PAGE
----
An instance method or function declared as "const" may access global variables, including static class variables, but may not modify them. A function or instance method not declared as const, but having some const arguments, may both access and modify global variables.
As in C++, a method that obtains a const value is forbidden to pass that value anywhere where it may not be treated as const. An instance method declared as const is forbidden to pass `this`, or subelements and referents derived from `this`, as non-const arguments to procedures, or to invoke non-const instance methods on those elements. A function declared as const is similarly forbidden to pass global variables to non-const procedures.
While the above will probably be the most common forms of side effect control, other combinations are logically possible. The orthogonal components of side effect control are as follows:
There are some common design patterns that involve temporary breaks in an otherwise controlled set of side effects; for example, caching, in which a pure function has a strictly internal global variable that matches previously computed results to previously encountered arguments. (Output is still a strict function of input; only the amount of time necessary to compute the result is changed as a result of cache state.) Profilers need to be able to change certain pieces of local state, for example, a counter showing the number of times a function has been called, even if the function is declared const. Stack-based modifications temporarily change the global state, but then restore it.
Creating or destroying a reference, in Flare, requires modifying the uberdata list of references maintained on the target object, but this is certainly not something that side effect control should regard as a "modification", even though it may require obtaining a write lock on the reference list. (In Flare, the two-wayness of references is considered as a global ontological characteristic of references rather than a characteristic of the referenced object. Even adding a new reference-scoped invariant is considered as not representing a "modification" as long as the invariant check is debugging/error rather than application logic/exception.)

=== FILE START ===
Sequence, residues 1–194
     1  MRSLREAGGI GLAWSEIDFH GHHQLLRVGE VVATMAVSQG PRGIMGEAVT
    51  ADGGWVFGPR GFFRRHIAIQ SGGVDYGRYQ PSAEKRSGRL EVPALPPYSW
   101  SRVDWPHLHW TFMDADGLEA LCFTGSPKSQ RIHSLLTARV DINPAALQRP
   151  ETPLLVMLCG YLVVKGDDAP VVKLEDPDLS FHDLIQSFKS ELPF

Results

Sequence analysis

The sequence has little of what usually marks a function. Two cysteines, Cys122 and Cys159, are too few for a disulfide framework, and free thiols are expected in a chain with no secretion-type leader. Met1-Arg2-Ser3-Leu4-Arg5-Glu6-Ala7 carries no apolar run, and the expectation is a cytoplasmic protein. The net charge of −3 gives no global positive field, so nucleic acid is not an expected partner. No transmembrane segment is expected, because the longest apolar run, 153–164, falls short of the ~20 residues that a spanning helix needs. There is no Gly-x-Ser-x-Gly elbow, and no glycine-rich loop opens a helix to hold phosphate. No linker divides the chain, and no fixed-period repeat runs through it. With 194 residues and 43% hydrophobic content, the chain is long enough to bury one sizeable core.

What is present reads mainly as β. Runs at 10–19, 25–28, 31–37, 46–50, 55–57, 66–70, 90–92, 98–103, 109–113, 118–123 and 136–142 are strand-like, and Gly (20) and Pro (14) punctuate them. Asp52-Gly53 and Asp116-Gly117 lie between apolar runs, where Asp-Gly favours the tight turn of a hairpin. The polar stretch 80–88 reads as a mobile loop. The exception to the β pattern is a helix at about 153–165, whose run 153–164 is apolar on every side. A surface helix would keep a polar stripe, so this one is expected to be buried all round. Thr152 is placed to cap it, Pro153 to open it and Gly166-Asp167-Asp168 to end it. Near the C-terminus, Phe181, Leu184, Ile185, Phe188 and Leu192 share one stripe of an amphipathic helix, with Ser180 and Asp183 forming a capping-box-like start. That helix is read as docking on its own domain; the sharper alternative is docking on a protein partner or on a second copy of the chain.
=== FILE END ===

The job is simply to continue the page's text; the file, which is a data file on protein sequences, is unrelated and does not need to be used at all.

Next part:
C++ allows loopholes by letting constness be cast away, or by letting certain variables be declared "mutable"; this kind of unbounded exception introduces added complexity, and significantly decreases elegance in a number of ways. Furthermore, allowing uncontrolled exceptions to side effect control may break the interpreter's ability to make useful assumptions - for example, that a const instance method will never need to acquire a write lock on an object (write locks for objects and for reference lists need not have the same behaviors). Thus, idioms for allowing controlled exceptions to side effect control would need to be higher-level language features, perhaps Level Five or Level Six, and would need to be tightly controlled to maintain consistency.
If constness is treated as static typing it can introduce further clashes with common patterns; for example, it makes sense to control a lookup operator or <redirect_lookup> interception for side effects, but the element reference returned should not logically be treated by the calling function as const unless the object itself was being treated as const when the lookup occurred. Under the C++ idiom, however, trying to return a non-const pointer to a submember at the end of a const instance function will result in an error. This idiom results in functions often needing to be overloaded with identical const and non-const versions. I would regard this as a buried flaw in the C++ statically typed constness mechanism - a flaw that breaks innocence in a very subtle way.